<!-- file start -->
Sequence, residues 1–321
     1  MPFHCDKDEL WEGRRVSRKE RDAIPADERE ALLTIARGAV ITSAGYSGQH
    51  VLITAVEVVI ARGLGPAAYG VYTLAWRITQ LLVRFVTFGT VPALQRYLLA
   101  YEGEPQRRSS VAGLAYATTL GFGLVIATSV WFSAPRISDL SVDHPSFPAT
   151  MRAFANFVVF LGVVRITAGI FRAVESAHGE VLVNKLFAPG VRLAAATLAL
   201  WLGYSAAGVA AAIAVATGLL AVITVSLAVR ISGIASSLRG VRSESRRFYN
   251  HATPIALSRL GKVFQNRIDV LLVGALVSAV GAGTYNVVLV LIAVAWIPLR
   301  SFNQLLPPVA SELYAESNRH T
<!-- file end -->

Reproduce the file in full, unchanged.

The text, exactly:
Sequence, residues 1–321
     1  MPFHCDKDEL WEGRRVSRKE RDAIPADERE ALLTIARGAV ITSAGYSGQH
    51  VLITAVEVVI ARGLGPAAYG VYTLAWRITQ LLVRFVTFGT VPALQRYLLA
   101  YEGEPQRRSS VAGLAYATTL GFGLVIATSV WFSAPRISDL SVDHPSFPAT
   151  MRAFANFVVF LGVVRITAGI FRAVESAHGE VLVNKLFAPG VRLAAATLAL
   201  WLGYSAAGVA AAIAVATGLL AVITVSLAVR ISGIASSLRG VRSESRRFYN
   251  HATPIALSRL GKVFQNRIDV LLVGALVSAV GAGTYNVVLV LIAVAWIPLR
   301  SFNQLLPPVA SELYAESNRH T